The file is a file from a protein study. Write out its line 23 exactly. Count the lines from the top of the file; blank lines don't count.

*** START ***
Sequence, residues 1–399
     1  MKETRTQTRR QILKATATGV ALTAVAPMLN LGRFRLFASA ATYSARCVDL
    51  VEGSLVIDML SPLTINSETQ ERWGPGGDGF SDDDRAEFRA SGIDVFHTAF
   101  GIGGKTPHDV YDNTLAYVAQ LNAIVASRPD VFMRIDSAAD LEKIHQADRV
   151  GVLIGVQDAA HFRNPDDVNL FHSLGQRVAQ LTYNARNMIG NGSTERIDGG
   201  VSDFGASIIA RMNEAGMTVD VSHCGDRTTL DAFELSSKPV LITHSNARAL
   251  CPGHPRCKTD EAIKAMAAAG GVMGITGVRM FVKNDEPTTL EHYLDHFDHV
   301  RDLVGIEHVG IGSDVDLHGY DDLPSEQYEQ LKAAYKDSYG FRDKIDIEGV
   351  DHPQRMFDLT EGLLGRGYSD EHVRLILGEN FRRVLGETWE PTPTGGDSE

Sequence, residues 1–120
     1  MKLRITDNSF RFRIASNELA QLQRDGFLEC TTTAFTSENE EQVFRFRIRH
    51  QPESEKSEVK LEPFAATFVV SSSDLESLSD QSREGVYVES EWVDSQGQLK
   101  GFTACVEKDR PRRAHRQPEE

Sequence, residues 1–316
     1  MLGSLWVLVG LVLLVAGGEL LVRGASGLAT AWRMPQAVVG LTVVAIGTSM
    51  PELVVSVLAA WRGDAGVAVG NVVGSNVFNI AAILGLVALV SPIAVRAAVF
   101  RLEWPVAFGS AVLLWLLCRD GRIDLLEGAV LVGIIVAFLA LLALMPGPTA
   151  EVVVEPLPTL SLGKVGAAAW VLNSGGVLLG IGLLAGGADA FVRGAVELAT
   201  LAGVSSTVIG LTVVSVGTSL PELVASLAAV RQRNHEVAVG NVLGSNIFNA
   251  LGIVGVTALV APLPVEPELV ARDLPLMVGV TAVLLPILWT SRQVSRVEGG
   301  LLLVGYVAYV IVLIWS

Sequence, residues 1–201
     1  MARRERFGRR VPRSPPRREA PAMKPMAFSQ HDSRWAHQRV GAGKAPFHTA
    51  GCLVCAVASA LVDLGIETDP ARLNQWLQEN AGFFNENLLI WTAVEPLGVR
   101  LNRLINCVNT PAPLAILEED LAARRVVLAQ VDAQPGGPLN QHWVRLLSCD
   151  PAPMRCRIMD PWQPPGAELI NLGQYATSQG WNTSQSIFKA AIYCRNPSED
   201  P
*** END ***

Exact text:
     1  MARRERFGRR VPRSPPRREA PAMKPMAFSQ HDSRWAHQRV GAGKAPFHTA